'She later struggled to explain why she stopped writing.'

It was in her chilly Bayswater bedsit, just opposite Kensington Gardens, that Harrower, hugging a hot water bottle and periodically feeding a shilling into the gas meter, began to write on her Oliver typewriter, looking back to the heat and light of Sydney.

She didn’t take up her place to read psychology, preferring to concentrate on writing. Her first book, Down in the City, a ruthless examination of a dysfunctional marriage set in a claustrophobic flat in Kings Cross, was published by Cassell in 1957. It was followed by The Long Prospect in 1958, a painful psychological drama set in a town very much like Newcastle, about an innocent friendship between a neglected child and a middle-aged man that is sullied by the tawdry suspicions of others.

Her time in England was also a time of political awakening, and she converted to the British Labour Party after hearing Clement Attlee giving a stirring speech on the radio. She marched at the anti-nuclear demonstrations at Aldermaston and went to listen to Bertrand Russell and Linus Pauling rail against war and the extinction of civilisation.

Harrower returned to Sydney in 1959, mainly to be closer to her mother, and lived at Balmoral. She continued to write, and The Catherine Wheel, her only novel set in London, was published in 1960. Published in the same year as Lynne Reid Banks’ influential The L-Shaped Room, the novel observed the unhealthy romantic entanglement between an Australian law student and her ne’er-do-well neighbour in a shabby boarding house.

The Watch Tower, set on Sydney’s leafy north shore, was published by Macmillan in 1966. Widely acknowledged to be Harrower’s masterpiece, it introduces readers to one of the great villains of Australian fiction, Felix Shaw. Shaw takes two vulnerable sisters under his wing after their mother abandons them, going on to marry one and terrorise them both.

Harrower worked briefly for the ABC in 1959 and 1960, and as a book reviewer for the Herald in 1960. She worked at Macmillan from 1961 to 1967, when she met Harold Macmillan and Edith Sitwell and made friends with Sidney and Cynthia Nolan.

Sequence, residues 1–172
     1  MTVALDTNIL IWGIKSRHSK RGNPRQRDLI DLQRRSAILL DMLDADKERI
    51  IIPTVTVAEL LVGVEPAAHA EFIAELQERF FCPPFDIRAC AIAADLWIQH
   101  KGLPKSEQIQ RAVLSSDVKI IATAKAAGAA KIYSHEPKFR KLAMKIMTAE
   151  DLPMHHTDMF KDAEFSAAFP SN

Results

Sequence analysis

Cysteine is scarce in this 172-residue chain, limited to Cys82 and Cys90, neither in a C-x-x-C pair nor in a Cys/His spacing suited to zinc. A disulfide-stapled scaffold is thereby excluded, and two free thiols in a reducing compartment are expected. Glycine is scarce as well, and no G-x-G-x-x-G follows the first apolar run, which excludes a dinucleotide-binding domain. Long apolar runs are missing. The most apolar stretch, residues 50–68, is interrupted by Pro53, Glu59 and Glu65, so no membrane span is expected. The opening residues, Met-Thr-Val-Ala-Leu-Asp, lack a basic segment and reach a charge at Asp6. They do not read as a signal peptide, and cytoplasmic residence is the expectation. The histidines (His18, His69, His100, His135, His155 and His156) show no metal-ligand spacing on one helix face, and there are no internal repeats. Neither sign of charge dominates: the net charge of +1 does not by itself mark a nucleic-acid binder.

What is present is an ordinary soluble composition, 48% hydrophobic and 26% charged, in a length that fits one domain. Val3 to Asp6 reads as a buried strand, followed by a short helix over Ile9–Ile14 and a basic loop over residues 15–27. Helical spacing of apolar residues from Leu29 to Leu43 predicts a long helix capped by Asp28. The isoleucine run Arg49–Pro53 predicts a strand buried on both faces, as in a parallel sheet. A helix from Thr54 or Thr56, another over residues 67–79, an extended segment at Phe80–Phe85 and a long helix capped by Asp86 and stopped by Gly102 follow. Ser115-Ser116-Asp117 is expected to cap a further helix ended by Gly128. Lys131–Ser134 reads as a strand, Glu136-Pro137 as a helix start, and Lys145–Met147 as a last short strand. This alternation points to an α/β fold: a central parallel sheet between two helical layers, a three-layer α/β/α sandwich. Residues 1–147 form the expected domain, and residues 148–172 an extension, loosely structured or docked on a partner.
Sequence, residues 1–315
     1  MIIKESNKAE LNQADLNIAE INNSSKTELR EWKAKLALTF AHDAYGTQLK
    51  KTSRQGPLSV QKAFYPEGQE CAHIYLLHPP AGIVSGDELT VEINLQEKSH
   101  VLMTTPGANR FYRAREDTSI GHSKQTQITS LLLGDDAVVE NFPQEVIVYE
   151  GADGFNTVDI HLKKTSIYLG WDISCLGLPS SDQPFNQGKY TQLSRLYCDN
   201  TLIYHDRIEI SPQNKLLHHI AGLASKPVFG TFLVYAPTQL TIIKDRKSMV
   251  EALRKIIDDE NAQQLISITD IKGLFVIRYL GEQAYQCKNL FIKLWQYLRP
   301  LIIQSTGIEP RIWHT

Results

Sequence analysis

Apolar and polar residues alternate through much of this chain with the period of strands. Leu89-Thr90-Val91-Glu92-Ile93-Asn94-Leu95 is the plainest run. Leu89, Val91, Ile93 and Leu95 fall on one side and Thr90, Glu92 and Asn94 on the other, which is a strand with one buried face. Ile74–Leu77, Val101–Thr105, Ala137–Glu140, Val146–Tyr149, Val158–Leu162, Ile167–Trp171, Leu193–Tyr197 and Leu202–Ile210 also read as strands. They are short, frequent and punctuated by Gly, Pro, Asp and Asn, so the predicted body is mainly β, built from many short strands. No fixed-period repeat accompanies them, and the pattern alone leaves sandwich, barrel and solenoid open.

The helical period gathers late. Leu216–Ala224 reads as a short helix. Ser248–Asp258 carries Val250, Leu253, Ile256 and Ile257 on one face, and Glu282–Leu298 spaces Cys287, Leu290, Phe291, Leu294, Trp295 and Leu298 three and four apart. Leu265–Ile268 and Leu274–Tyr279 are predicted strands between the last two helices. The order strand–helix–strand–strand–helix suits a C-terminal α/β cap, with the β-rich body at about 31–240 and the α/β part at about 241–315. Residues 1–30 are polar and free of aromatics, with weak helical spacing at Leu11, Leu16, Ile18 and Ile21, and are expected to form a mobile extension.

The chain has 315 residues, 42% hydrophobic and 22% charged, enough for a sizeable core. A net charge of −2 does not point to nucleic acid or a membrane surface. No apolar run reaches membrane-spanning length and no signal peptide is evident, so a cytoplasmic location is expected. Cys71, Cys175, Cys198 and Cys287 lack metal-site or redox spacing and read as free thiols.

She continued to write in the evenings after work and was awarded a Commonwealth Literary Fellowship in 1968 and an Australia Council for the Arts Fellowship in 1974.

In 1970, Harrower’s mother died, age 61, from a stroke. Harrower was devastated. She finished the manuscript of In Certain Circles in the mid-1970s but suddenly withdrew it from publication at the last minute, saying she was unhappy with it.

She later struggled to explain why she stopped writing, variously citing grief and disappointment that she did not win the Miles Franklin Award for The Watch Tower. Her friends, especially Patrick White, urged her to continue, but she stuck to her guns.

After she stopped writing, Harrower continued to live a rich life. She was very sociable and made many friends, many of whom had no idea she was a writer. She lived in a modest flat in Cremorne, took classes in Italian and Buddhism and regularly attended the opera.

She continued to read widely, take an interest in politics and was a regular customer at Pages and Pages bookshop in Mosman. She also spent time caring for her older cousin, Margaret Dick, who died in 2014.

Harrower remained intensely private and always waved away suggestions that any of the emotional turmoil in her books was autobiographical. In 2014 she told an interviewer that she recently shredded 300 pages of diaries, notes and letters, including those she sent to her mother from London.

“I always thought one day someone will find that very interesting and then I thought, ‘Why should they?’ … the idea of being misinterpreted is very annoying.”

Elizabeth Harrower never married. She is survived by her friends and her work.

*reproduced by permission of Sydney Morning Herald

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Citation details

Amy Ripley, 'Harrower, Elizabeth (1928–2020)', Obituaries Australia, National Centre of Biography, Australian National University,, accessed 18 May 2024.